Members of the Pyrola genus are known as wintergreens because of their cold-hardy qualities. Even in the midst of winter the leaves remain green. Bog wintergreen (Pyrola asarifolia) is a native perennial that grows in moist coniferous and deciduous forests from low elevations to timberline throughout most of North America, except the South and a few Plains States.
A member of the Heath Family, this evergreen plant derives from a long, branched rhizome. The rounded, leathery leaves grow in a basal cluster. Bog wintergreen leaves have a smooth margin or are slightly toothed, have a long petiole (leaf stalk) and are dark green and shiny.
The bog wintergreen inflorescence is an elongated raceme atop an erect, leafless stalk. The bell-shaped, waxy, nodding flowers are pale pink to dark red. There are five petals, ten stamens with red anthers and an long style curved off to one side.
The bog wintergreen fruit is a five-chambered spherical capsule containing numerous, minute yellowish seeds.
Bog wintergreen requires a balance of fungi and other soil constituents, found in humus rich, acidic soils free of human encroachment, to survive. Bog wintergreen does not thrive if removed from its natural environment.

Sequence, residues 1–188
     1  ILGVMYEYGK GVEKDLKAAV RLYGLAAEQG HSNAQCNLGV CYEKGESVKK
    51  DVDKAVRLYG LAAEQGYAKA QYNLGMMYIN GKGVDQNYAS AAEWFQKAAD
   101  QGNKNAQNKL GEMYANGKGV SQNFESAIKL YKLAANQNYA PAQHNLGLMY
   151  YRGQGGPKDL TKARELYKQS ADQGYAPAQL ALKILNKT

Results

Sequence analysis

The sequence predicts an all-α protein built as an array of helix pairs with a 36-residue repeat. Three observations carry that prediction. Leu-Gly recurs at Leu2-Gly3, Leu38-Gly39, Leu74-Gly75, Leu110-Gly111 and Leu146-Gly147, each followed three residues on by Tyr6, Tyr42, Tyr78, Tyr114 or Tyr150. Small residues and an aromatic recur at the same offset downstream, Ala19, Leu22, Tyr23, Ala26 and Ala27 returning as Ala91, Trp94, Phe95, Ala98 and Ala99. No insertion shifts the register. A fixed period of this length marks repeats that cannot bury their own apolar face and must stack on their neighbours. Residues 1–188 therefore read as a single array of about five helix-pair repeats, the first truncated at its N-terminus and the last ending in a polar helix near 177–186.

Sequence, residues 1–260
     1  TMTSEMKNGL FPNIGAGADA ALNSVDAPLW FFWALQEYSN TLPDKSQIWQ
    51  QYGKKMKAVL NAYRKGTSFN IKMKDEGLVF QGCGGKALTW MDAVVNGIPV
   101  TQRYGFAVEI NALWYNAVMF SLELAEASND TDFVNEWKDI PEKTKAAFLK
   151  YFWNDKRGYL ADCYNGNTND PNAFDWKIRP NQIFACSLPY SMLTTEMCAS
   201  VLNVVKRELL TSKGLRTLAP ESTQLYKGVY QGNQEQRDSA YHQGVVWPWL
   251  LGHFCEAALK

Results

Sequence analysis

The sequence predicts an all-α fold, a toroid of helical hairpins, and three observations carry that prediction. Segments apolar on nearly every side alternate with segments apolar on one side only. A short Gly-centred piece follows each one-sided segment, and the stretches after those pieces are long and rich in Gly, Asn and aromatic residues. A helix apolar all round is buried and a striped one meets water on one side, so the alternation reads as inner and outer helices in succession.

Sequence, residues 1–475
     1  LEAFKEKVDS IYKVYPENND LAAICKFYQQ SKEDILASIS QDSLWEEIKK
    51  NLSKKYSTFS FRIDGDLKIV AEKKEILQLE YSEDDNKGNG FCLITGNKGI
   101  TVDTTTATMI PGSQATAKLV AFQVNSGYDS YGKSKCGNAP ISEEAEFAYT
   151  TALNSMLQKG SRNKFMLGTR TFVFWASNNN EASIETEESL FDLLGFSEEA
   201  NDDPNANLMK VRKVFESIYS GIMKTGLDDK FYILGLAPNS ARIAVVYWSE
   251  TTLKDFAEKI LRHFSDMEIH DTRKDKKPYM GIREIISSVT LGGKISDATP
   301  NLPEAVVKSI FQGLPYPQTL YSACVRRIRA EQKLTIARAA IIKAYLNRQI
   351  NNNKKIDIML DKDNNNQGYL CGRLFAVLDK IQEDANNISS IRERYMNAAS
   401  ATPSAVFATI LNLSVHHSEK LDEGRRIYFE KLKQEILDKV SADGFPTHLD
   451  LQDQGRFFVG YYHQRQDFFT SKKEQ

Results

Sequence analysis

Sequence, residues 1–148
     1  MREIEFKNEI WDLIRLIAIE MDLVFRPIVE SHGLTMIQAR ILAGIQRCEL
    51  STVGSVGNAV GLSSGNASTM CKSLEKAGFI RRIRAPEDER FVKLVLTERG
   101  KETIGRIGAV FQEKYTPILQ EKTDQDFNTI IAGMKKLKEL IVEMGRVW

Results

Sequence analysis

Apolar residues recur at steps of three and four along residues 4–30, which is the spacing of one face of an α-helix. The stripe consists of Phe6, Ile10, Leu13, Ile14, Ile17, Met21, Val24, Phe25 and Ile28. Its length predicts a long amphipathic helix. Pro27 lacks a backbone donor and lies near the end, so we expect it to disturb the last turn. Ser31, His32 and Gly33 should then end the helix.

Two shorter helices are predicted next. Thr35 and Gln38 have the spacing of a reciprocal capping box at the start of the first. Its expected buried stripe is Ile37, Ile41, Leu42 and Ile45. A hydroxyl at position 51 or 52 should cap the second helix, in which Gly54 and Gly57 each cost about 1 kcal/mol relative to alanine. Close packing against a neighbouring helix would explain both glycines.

The leaves of bog wintergreen are edible, but tough and bitter. Native Americans used various preparations of bog wintergreen for medicinal purposes including mouth and throat inflammations, urinary diseases, insect bites and astringents. Bog wintergreen also has styptic properties and was used to stop bleeding.
Other common names for P. asarifolia include pink wintergreen and liverleaf wintergreen. Pyrola, the genus name, is from Latin and means pear, referring to the leaf shape of some members of this genus. The species designation, asarifolia, translates as “leaves like wild ginger (Asarum)”.
These bog wintergreen specimens were growing along CA Highway 89 across from Hat Lake in Lassen Volcanic National Park.